http://www.stanford.edu/~kbilir/Bilir_IP_and_MNCs.pdf (July 2011 Working Paper)
The post makes a strong point for why IP protection should worldwide. Twain & Dickens both argued the lack of copyright protection kept local authors from being published. Worldwide patent protection would increase investment in new technologies, which are the only way to increase real per capita incomes.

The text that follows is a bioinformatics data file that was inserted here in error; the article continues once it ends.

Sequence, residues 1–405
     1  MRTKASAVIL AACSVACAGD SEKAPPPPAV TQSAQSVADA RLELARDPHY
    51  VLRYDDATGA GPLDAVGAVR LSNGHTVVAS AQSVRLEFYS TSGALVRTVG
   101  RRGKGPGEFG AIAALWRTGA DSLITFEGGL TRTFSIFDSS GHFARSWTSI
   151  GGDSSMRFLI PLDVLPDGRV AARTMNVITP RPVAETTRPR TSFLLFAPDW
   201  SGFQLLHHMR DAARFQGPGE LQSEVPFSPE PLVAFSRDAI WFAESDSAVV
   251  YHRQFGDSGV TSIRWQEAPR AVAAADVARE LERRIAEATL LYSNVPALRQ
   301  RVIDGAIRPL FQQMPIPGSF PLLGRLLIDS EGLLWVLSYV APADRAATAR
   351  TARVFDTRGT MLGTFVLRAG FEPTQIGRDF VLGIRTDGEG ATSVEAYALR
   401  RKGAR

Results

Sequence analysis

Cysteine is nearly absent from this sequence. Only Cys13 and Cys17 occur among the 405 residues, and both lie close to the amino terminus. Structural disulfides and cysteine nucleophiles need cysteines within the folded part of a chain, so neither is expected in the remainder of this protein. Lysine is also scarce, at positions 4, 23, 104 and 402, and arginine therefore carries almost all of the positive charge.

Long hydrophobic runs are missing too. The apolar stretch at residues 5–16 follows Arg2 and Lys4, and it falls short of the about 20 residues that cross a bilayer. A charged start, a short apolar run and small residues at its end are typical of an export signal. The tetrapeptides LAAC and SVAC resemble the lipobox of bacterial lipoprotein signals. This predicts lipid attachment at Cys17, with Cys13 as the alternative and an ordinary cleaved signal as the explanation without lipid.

If countries do not adopt patent protection then they never develop their own inventive skills. Most third world countries can increase their standard of living by just adopting non-patented technology. They are not third world countries because patented technology is too expensive. They are third world countries because they have policies that discourage investment in technologies developed by others and policies that discourage creating new technologies locally. Note “IP changes often happen concurrently with other liberalizations in a nation’s economy.” The reason this occurs is that patents are consistent with property rights, which are necessary for economic growth.